Deutsche Bank Hit by Credit Crunch
Deutsche Bank shares fell Thursday after its CEO admitted that the bank has been hard hit by the recent global credit crunch.
Deutsche Bank CEO Josef Ackermann told German broadcaster ZDF that the bank had "made mistakes during this crisis" and admitted the bank's third-quarter results would suffer as a result.
The interview was due to be aired Thursday but the station made the transcript available beforehand, with the result that Deutsche Bank shares had fallen by 1 p.m. local time on Thursday. One trader told the news agency Reuters that the statement, which he said amounted to a "quasi-profit warning," was dragging the entire Frankfurt stock market down.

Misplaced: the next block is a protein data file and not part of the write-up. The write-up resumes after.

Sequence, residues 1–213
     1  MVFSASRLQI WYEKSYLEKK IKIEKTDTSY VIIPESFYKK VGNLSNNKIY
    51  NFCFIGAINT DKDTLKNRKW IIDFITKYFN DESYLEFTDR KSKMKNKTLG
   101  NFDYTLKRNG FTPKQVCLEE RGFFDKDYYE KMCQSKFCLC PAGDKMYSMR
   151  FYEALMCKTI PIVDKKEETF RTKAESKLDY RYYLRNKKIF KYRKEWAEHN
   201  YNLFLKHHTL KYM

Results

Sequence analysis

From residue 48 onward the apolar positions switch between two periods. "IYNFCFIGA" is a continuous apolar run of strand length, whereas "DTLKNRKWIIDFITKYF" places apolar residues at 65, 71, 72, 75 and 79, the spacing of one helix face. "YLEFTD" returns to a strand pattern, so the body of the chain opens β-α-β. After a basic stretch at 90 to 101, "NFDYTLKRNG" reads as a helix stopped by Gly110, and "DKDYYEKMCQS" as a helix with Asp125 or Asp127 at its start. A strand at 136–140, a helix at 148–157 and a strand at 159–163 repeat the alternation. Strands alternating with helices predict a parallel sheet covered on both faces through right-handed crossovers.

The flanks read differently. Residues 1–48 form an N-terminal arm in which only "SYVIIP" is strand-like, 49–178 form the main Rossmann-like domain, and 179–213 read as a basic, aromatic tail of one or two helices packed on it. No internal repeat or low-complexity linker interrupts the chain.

In the interview, Ackermann admitted that €29 billion ($40.5 billion) in credit agreements must now be reassessed as a result of the global credit crisis, which was triggered by a collapse in the US subprime mortgage sector. He did not specify how much the crisis would cost the bank, Germany's biggest, but said the main result would be a scrapping of plans to hire an extra 4,000 staff this year.
German banks have been among those worst hit by the subprime crisis. Two state-backed banks, IKB and SachsenLB have already had to be bailed out. SPIEGEL reported earlier this week that German investment funds and state-backed banks may also be hit by the problems at the British building society Northern Rock, itself a crunch casualty.